Social Media

The 'DOs' and DON'Ts' When Making A Career Move

It's well known that the way employers recruit and people find jobs has changed dramatically in the last few years. The days of having to read through magazines for job opportunities are more or less over, and CVs in the post are a now a quaint custom from another era. Times are changing quickly and it may not be too long before even sending a CV by email begins to look a little 'Old School,' particularly with the rise in popularity of the social networking sites. All this is good news for applicants and employers; never has so much information on career and employment opportunities been so readily available and so easy to explore. However, there is another side to the Social Media age that is easily overlooked,and that's the need to control the image you project.

In the past, work life could be easily separated from home and personal life. When applying for a job, you had complete control over the image you wanted to project. A nice typeface, some colour on the CV and perhaps a nice photo with some 'interests and actives' at the end would give the reader all they needed to form a favourable impression about you. But today, the once mutually-exclusive worlds of work and play are now becoming increasingly blurred. Sure, LinkedIn is work and Facebook is personal, but they now often overlap and it is important to remember that it has been well-reported how employers are looking at social media sites. This trend is only going to increase and, if anything, may soon be the 'norm' in the employer's selection process. That's why it's now more important than ever to manage your image and be careful when posting personal details and pictures about yourself on the Web, especially if you are considering your next career move and keen to make the right impression.

But it's not all bad news and 'Big Brother' watching you. You can turn this to your advantage and present yourself in a positive light to friends, colleagues and potential employers alike. Below are just a few tips from Resources Group, based on our experience and the feedback from the thousands of people we have helped in the last few years, which we hope will be of some use and an 'aide memoire' for those about to take the plungeinto the job market.

First steps...

OK, you have a professional CV ready and are starting to email. But remember, the first thing an employer will see is your email address in their inbox, so make sure you have a sensible sounding one. It's staggering to see just how many applications we see from people using 'joke' email addresses: how is a potential employer going to take you seriously if your email address is 'Beerybloke@' or 'Crazygirl@' ?! Even random letters and numbers would be better! So, before you do anything make sure your address is neutral and if it isn't, create a new address for your applications.

Adapt and tailor your covering email

Emails make it easy to send multiple applications quickly, but it is best to avoid the temptation to 'blanket' email with 'round robin' style covering letters with no effort to adapt the covering note. This looks lazy to the recipient, so always try to address your application individually and add a little on why the job is of interest and why you would be suitable.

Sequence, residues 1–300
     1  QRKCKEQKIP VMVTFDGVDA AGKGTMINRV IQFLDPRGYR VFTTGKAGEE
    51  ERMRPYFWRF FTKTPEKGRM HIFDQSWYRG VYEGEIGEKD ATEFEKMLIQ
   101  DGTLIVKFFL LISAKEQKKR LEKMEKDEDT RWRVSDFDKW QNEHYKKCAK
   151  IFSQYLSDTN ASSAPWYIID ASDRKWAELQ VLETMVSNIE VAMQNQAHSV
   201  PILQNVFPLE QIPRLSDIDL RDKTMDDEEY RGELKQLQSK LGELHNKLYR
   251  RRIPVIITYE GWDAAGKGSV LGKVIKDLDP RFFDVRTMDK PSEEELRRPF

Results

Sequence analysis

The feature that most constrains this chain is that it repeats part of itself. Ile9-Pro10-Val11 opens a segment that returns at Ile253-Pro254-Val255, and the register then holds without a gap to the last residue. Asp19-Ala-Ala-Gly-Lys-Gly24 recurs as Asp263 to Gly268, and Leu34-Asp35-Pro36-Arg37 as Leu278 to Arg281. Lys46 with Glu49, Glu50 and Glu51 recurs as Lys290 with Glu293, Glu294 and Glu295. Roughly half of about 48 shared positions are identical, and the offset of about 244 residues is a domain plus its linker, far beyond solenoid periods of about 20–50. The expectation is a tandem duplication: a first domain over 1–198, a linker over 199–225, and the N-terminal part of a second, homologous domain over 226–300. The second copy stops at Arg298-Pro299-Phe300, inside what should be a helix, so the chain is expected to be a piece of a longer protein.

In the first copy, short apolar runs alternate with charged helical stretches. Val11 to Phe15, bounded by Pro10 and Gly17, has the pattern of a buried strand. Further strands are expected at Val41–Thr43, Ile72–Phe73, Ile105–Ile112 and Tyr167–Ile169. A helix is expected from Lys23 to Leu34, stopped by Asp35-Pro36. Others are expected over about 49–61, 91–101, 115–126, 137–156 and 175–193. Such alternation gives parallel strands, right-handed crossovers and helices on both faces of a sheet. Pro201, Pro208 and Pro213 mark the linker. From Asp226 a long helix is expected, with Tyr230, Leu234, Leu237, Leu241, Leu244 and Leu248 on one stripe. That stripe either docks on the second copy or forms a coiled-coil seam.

Check your social network pages - here are some “Dos and Don'ts”

DON'T…

Top rule - don't post any photos on a site that you wouldn't show your mother! Sure, pictures of having fun, sports, parties, family is all fine, but not a shot of the morning after the night before! And definitely NOT anything that could possibly be considered 'compromising' or 'unflattering'. Also avoid saying anything uncomplimentary about individuals or organisations - always keep it positive!

Other tips to help protect your profile and information include:

  • Avoid using the 'Recommended settings' option - this means your personal information, photos etc will be shared with everyone. Try to use more secure settings instead.
  • Avoid putting your address and telephone phone number on social networks.
  • Avoid agreeing to have yourself listed on search engines.
  • Avoid putting your date of birth on professional or social networking sites.
  • Avoid putting personal activities/interests which could be considered in any way 'contentious', eg politics, pressure/campaigning groups etc.

But DO…!

  • Blow your own trumpet! No-one else is going to!
  • Put achievements, awards and memberships on both LinkedIn and Facebook.
  • Mention what work you are currently doing, be it a campaign, a project, anything! Twitter is particularly good for this.
  • Mention a recent piece of work you are proud of.
  • Talk about a field of professional interest and/or where you have particular knowledge

In the end it's all about common sense and observing a bit of caution when posting your details on the Web. Employers aren't unreasonable and everyone makes allowances for, and likes to see photos of people having fun or a bit of interesting background information. Just remember that whatever you write on your social media profiles, you understand (and are happy) that everyone can see it.

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